Universal access to clean water is far from a reality in many developing countries. This column examines a nationwide information campaign that attempted to minimise the use of arsenic-contaminated tubewells in Bangladesh. It finds that mothers in arsenic-contaminated areas are more likely to exclusively breastfeed their children, and breastfeed for longer after the campaign - likely out of concern for child well-being. It also finds that infant health improves.
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Maternity entitlements for healthier babies
Diane Coffey , Payal Hathi
Posted on: 07 Jul 2016
Topics:   Gender , Health


The National Food Security Act, 2013 provides for a maternity benefit of not less than Rs. 6,000 for every pregnant and lactating mother in India. In this article, Coffey and Hathi explain why maternity entitlements are a good investment, and discuss how they should be designed to have the biggest impact on the health and productivity of the next generation.
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Quality of governance and welfare outcomes
Salma Ahmed , Ranjan Ray
Posted on: 27 Apr 2016
Topics:   Political Economy


As the MDGs gave way to the SDGs, considerable attention has been focussed on movements in key welfare indicators for women and children in the past decade. In this context, this column compares India with Bangladesh, and also looks at the relative performance of Indian states. Further, it provides evidence on the strength of association between the quality of governance and welfare outcomes in India.
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Early life nutrition and future educational outcomes: Findings from ICDS
Ramanan Laxminarayan , Arindam Nandi
Posted on: 25 Apr 2016
Topics:   Education , Health


Integrated Child Development Services – India’s flagship child nutrition programme – has recently suffered a major cut in funding. This column shows that supplementary nutrition provided under the programme positively influences long-term educational outcomes of children. The findings suggest that funding for the programme should be fully restored and efforts should be made to address its systemic inefficiencies.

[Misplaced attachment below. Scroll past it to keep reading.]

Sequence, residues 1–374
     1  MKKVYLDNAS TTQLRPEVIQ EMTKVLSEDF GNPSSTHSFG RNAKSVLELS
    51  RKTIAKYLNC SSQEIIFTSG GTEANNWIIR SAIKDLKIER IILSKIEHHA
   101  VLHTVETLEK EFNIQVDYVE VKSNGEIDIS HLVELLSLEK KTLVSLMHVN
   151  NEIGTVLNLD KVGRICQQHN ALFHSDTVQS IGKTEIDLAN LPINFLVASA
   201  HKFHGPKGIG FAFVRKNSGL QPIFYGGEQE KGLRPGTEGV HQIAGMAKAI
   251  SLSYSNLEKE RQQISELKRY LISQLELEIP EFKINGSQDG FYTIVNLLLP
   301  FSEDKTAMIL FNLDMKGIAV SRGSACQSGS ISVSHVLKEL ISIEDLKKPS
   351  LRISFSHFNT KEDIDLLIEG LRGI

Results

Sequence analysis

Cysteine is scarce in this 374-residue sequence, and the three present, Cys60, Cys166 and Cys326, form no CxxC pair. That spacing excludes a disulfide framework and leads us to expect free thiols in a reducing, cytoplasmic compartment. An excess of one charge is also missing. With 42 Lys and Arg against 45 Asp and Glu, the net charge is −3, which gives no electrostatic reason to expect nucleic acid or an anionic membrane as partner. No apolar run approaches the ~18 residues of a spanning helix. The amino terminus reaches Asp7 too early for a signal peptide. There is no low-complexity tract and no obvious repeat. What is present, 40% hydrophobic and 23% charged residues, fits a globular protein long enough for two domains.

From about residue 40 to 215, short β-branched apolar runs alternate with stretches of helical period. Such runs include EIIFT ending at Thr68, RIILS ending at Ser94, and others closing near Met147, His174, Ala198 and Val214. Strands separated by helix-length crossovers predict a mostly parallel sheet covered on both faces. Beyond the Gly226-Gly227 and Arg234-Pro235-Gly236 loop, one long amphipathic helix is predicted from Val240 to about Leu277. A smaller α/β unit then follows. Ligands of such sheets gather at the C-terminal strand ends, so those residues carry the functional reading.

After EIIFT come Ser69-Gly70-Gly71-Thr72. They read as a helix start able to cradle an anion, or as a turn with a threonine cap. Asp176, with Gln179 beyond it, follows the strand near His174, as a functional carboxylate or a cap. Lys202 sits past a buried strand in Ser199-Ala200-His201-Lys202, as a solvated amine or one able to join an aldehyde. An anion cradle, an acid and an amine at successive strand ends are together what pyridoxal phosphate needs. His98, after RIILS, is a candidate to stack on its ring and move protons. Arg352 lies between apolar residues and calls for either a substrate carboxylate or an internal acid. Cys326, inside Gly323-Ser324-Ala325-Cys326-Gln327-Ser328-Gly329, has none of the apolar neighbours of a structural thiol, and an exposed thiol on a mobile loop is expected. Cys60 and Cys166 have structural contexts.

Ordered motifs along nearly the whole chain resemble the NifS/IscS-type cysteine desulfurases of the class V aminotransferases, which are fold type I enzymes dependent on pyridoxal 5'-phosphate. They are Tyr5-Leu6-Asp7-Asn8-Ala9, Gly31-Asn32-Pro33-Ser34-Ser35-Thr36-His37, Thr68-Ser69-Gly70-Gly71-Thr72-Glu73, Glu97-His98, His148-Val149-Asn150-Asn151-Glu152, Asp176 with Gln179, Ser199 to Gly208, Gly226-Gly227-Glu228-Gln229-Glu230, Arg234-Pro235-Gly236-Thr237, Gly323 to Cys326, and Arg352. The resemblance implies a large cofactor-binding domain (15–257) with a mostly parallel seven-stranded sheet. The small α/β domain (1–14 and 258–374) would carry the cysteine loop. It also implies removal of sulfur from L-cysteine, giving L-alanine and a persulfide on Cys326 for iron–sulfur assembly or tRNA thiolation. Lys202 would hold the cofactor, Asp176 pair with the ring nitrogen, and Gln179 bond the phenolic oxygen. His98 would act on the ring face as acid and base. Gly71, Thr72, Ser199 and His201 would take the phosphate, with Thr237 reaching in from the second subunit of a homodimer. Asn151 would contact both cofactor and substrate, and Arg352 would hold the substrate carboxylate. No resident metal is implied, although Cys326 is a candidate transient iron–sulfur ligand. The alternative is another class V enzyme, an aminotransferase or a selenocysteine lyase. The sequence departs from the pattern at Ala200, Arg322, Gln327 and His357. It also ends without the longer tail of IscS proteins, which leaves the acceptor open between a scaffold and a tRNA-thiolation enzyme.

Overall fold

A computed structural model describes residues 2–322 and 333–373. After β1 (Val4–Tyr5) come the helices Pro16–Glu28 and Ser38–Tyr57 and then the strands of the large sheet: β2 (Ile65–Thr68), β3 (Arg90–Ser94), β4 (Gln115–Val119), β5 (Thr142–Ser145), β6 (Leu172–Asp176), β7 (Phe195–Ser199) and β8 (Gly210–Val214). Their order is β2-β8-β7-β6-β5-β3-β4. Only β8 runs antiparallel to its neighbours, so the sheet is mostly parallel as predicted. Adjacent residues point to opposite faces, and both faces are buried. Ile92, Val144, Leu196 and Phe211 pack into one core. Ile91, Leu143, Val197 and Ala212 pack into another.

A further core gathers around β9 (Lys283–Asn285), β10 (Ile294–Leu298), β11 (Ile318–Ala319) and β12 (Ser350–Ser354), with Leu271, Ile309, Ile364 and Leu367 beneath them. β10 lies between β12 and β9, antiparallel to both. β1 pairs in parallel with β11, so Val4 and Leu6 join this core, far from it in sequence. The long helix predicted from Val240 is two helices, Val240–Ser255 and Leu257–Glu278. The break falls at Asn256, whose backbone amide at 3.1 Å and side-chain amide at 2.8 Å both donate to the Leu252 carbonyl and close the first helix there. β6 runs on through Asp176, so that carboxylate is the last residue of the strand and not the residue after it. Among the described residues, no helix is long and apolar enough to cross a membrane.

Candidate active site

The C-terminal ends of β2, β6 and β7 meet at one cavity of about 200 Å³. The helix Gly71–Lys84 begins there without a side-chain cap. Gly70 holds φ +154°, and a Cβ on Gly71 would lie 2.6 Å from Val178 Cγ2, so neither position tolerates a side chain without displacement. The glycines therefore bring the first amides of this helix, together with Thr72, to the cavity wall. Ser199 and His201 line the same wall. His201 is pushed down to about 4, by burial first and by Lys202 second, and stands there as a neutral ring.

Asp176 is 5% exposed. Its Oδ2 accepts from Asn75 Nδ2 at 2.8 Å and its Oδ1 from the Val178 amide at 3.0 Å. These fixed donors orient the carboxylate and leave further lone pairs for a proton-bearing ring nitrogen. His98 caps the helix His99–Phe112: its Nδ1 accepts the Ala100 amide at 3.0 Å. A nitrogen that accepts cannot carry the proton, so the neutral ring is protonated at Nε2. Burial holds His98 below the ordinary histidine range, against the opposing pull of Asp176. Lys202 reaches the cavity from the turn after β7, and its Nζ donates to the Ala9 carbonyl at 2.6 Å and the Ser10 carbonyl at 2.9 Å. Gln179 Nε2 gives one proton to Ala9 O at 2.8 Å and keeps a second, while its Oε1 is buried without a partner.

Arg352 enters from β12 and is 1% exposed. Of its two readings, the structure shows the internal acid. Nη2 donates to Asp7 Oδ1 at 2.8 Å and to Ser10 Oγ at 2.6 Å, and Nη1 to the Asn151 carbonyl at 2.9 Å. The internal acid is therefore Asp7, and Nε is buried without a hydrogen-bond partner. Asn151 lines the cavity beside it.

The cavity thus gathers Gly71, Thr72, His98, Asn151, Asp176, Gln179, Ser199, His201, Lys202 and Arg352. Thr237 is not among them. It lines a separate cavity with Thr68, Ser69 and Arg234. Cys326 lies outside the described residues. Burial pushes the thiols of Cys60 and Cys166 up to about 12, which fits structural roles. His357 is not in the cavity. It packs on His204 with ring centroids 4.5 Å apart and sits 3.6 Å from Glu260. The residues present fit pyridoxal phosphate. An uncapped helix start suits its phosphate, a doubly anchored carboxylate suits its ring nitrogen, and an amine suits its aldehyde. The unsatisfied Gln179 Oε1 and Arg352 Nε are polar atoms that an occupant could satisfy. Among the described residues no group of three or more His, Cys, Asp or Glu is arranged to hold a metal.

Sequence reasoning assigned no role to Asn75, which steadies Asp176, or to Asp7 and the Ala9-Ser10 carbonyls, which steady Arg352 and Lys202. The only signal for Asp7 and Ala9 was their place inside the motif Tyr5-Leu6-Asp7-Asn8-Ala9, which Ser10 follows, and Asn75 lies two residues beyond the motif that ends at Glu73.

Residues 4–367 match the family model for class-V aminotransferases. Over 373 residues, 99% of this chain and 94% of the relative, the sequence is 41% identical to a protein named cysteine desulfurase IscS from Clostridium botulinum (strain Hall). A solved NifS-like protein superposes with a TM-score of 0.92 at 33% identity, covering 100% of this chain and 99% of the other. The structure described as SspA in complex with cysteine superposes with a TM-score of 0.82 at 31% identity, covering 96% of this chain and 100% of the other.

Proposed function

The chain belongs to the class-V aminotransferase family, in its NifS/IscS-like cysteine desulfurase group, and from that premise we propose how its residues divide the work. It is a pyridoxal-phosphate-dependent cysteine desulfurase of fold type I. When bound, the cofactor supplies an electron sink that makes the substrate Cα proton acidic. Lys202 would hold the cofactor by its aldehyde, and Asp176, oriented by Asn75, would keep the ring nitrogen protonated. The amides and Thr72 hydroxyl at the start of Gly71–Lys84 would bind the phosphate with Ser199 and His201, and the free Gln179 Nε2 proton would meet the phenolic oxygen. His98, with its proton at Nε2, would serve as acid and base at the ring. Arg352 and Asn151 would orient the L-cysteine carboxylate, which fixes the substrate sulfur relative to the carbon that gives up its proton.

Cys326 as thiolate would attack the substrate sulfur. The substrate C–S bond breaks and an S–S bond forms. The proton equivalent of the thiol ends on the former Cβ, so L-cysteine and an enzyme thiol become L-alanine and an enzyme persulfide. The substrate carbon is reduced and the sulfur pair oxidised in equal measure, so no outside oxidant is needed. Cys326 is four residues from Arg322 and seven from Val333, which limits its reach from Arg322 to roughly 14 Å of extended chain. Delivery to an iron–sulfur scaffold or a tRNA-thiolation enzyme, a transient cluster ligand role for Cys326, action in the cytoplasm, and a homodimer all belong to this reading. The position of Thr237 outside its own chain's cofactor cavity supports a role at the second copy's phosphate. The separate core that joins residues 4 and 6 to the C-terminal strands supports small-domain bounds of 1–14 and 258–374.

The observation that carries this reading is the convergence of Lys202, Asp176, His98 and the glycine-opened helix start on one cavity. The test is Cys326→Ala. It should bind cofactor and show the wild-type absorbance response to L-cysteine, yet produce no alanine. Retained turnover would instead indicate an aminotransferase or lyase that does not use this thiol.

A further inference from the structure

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Improving maternal and child health through conditional cash transfers
Sisir Debnath
Posted on: 21 Mar 2016
Topics:   Gender , Health


Cash transfers to the poor, conditional on use of particular public services, are a popular tool to increase healthcare utilisation. This column evaluates the impact of one such scheme – Janani Suraksha Yojana - and finds that it encouraged pregnant women to deliver babies at healthcare facilities. It also suggests that the marginal effect of cash incentives is larger when provided to healthcare workers rather than mothers.
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How has MNREGA impacted the lives of women and children in India?
Subha Mani
Posted on: 15 Mar 2016

In this article, Subha Mani, Professor of Economics at Fordham University, summarises evidence that shows that MNREGA has mostly positively impacted the lives of women and children in India.

Tweet using #MNREGA10yrs

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Ganga pollution cases: Impact on infant mortality